Mr. Johnson immediately launched a pro
test against Uie spec al order because It
gave the lioiu-o no opportunlly lo vole separ-
alc Instructions on the different schedule )
and especially on the subject ot sugar. He
denounced the discrimination in the sugar
schedule In favor of the trust as criminal
and declared , amid a burst of applause , that
If the Sugar Irust or any other trust was to
legl-late for the people , It made lltllo d ffer-
enco whether that legislation was Imposed
upon them by the McKlnley or the Gorman
"Mr. Speaker , " Mr. Johnson asked , "In
case this order Is agreed to , will It bo In
order lo move to instruct the committee
on sugar or any oilier single Item ? "
"If the disagreements are Insisted upon In
bulk , " replied the speaker , "it would not
bo In order to move separate Instructions. "
"That Is what I thought , " retorled Mr.
Johnson , "Hint Is why I shall vote against
this order. "
"If the house Insists upon Its disagree
ment , " 'Interjecled ' Mr. 'Warner of New
York , "lhat would practically bo an Instruc
tion for frco sugar. "
Mr. Reed Ihen arose. After what Mr.
Johnson had cahl. he began , the house could
see what It would do to Itself If It adopted
this rule. U would give the house no op
portunity to express llself upon llio vllal
differences between the house and the senate ,
but would put all the differences togelher
without giving Individual points strength or
"It could not by a separate vote , " he
gald , "strengthen the hands of the house
conferees In the game of what shall I call
It ? "
"A bluff , " shouted a voice ns Mr. Reed
"No , " continued Mr. Rccd , deprecatlngly ,
"not a bluff. "
It Is a game ot moral courage. If this
rule Is adopted the dcmocrallc sentiment In
this house will be muzzled. The senate will
not be given an opportunity to see how much
strength It liao here. In closing Mr. .Reed
referred to the fact that the adjust
ment at tlio tariff was cut.rely In the handset
ot the louthern men.
Mr. Outhwalte , on behalf ot tlio committee
on rules , replied to Mr. Reed. The consti
tution of the I'nlted States , he said , Im
posed upon the house the duly ot prepar
ing a rovemm bill. It Is Its duty to say
the conferees shall adhere to their duty.
Amidst u burst of applausa ho declared tlut
the pending resolution would lr. an Instruc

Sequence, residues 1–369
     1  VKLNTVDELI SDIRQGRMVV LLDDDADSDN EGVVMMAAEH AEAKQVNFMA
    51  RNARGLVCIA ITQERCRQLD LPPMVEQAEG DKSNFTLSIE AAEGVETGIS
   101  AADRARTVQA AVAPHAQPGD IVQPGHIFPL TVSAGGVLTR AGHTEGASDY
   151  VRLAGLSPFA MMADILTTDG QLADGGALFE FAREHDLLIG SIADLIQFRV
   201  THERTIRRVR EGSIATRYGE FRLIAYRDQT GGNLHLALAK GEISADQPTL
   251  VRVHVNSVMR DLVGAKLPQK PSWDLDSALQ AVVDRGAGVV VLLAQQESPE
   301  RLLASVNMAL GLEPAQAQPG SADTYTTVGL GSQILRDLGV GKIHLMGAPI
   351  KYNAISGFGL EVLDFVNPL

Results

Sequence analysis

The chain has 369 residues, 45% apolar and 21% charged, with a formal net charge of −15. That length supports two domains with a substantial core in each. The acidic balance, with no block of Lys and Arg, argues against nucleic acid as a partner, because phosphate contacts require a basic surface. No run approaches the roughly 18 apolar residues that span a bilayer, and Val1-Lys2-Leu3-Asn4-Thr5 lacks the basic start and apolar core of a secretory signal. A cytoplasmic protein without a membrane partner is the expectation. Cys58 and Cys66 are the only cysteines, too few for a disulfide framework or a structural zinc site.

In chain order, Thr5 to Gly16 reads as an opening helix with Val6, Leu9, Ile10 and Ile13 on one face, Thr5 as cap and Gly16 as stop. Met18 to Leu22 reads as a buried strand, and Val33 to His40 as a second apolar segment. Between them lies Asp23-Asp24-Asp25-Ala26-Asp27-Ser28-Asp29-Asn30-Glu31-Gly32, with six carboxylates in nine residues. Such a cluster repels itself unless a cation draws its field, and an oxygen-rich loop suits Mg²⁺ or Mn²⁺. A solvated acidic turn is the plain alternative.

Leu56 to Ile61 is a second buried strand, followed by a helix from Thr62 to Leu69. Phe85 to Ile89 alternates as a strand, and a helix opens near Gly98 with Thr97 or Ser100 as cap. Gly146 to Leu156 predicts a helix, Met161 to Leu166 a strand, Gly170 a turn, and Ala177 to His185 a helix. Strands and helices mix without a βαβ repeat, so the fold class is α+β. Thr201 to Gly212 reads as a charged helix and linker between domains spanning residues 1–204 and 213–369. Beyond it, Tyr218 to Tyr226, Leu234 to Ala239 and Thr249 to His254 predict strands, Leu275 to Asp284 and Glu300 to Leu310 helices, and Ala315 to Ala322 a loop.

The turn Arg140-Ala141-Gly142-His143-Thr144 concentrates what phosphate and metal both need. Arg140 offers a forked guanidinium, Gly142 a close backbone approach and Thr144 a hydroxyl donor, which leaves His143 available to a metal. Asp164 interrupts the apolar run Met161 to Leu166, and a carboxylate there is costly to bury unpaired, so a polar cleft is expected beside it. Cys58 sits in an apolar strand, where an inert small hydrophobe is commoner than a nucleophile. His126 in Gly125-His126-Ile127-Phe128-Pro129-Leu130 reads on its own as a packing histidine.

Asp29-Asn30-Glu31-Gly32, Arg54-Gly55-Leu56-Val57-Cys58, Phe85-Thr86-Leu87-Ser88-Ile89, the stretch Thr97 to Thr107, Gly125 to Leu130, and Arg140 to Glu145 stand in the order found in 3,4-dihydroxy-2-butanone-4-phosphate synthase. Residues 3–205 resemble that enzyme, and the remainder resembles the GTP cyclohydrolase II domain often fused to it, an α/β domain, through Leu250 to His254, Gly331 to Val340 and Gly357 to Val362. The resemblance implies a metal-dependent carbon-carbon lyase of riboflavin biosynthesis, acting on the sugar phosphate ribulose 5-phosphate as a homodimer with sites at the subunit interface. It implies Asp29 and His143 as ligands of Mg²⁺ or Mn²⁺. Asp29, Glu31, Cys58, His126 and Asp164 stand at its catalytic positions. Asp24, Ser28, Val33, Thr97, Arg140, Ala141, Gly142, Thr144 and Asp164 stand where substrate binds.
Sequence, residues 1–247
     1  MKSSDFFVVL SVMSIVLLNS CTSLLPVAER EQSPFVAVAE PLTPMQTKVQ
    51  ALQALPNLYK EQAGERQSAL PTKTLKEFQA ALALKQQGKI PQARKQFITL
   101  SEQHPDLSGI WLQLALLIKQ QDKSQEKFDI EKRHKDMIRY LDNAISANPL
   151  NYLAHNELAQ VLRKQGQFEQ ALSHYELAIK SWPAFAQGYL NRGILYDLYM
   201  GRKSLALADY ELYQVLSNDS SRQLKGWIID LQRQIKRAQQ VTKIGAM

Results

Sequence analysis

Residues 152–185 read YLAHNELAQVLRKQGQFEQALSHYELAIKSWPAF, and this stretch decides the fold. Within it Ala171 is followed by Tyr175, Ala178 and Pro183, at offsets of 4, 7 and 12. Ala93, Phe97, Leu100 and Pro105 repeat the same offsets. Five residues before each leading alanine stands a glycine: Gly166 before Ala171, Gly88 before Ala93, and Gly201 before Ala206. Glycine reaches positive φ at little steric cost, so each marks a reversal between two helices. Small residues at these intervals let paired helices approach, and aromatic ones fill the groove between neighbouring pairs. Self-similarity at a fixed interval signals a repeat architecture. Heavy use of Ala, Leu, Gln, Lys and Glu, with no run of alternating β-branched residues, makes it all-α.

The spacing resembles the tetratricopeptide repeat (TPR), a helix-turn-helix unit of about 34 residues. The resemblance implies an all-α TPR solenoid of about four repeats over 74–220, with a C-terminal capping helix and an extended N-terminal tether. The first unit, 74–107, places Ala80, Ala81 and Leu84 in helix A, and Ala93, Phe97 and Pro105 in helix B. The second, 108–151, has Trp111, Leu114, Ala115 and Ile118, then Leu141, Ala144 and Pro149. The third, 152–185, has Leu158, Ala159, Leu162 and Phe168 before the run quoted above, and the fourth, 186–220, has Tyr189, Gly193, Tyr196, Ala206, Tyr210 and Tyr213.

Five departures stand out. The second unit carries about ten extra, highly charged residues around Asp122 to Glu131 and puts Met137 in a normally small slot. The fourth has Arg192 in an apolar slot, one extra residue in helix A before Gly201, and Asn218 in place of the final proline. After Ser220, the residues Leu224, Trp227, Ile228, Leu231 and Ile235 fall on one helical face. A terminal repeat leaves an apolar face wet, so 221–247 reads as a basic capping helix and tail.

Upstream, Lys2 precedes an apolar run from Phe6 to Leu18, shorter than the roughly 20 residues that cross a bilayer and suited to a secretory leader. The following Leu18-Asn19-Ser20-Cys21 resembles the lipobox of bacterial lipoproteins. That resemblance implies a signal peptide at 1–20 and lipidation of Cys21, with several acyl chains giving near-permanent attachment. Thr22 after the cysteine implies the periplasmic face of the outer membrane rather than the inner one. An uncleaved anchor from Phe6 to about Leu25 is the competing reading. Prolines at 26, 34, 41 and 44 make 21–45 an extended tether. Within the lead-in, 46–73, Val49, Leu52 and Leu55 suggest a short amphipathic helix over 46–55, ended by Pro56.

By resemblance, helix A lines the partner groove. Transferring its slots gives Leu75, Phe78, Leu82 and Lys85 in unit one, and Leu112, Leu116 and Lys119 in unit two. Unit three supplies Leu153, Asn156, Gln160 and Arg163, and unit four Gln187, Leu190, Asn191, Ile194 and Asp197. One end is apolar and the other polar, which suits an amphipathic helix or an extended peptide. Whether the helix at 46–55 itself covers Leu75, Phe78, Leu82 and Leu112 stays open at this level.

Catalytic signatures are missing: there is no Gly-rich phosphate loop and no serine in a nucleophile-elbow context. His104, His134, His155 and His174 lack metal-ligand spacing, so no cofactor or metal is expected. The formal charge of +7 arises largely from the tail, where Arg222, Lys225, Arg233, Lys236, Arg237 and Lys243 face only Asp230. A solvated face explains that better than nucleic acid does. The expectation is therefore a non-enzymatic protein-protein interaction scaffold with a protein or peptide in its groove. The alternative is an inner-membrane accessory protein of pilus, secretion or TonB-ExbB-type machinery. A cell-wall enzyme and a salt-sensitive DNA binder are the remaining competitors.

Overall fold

tion to Iho conferees not to recede from the
pos ( Ion the democrats nt the huiise took
when they passed the Wilson bill. Ho re
ferred , amid continuous evidences ot en
thusiasm , tn the moral courage shown by
the house conferees tn standing out ag.ilnat
the senate amendments. He pointed out the
sacrifices made by southern m < jmburs In
surrendering their privileged Interests , end
said : "The crewt leader ( Mr. Mills ) who
began Ihe light In the house , although from
a wool growing state , nhl that It frcs wool
would give the people ot the country cheaper
clothing the \vnol growers of Texas would
not hesitate to s'jc their picduct en the
frco list. "
"Why not give us tin opportunity to etc
isop.iraloly on sugar ? " Inquired Mr. Johnson.
"Up to this time , " said Mr. Outhwalto
in reply , "I judge that there la no differ
ence of sentiment on this -de. | Wo nre all
shoulder to EhoulJer. " ( Loud democratic ap
plause. )
Mr. RseJ , tn closing , In referring to Mr.
Outhwalla'a eulogy of the house conferee * '
courage , risked what the courage amounted
to that backed down. "How long will this
courage last ? Is It to be permanent ? The
gentleman from Ohio ( Mr , Outhwalte ) Is
silent. Into the future ho cannot penetrate.
( Laughter. ) Hit mind Is not prophetic. He
Ins takfti the first and last opportunity he
wilt have to commend the courage of the
! HSO c Tferep * " ( Applause )
\VIM.IIU further debate the vote was then
( Continued on'Klttu Page. )
Senators Htither Ohtiry of Expressing an
Opinion on Cleveland's ' Letter.
Republican * Arc Inclined to Allow tlio
Democrat * to U'ork Out Their
'U\vn Saliatlon bcnato Not
Likely to Yield Much.
WASHINGTON , July 19. The news of the
reading of the president's letter was not
long In traveling from the house to the
senate. Mr. Wilson had kept his secret of
the possession of the letter well guarded
and It proved a decided sensation. Informa
tion as to the contents at the document
was eagerly sought on both sides of the
chamber. A copy was furnished by the
Associated press nnd was In great demand.
It was taken to the democratic cloak room
and read In turn by groups of senators of
four or live , ono of them generally reading
It aloud to the ethers , and In other In-
Instances two of them looking over the shoul
ders and reading with the senator holding
the copy. After senators became familiar
with Its contents they again gathered In
groups to discuss the document , both with
reference to points made by the president
and the policy of the president In writing It.
So Intense and general was the interest that
for two or three hours very little attention
was paid to routine proceedings on the floor
In the senate. Whllo nosenator. . hesitated
to express his views privately the democra
tic senators were loath to submit to Inter
views for publication. They said the circum
stances were unusual and that for their
action as a body In opposition to the position
taken by the president they could not give
publicity to their opinions , whatever they
might bo.
Republican senators were at first Inclined
to express themselves on the policy of the
letter , but when they discovered , as they
soon did , that their democratic colleagues
were generally inclined to remain silent
they changed their policy as If by common
consent , ami announced when spoken to
upon the subject that they preferred the
democrats should do the talking , declaring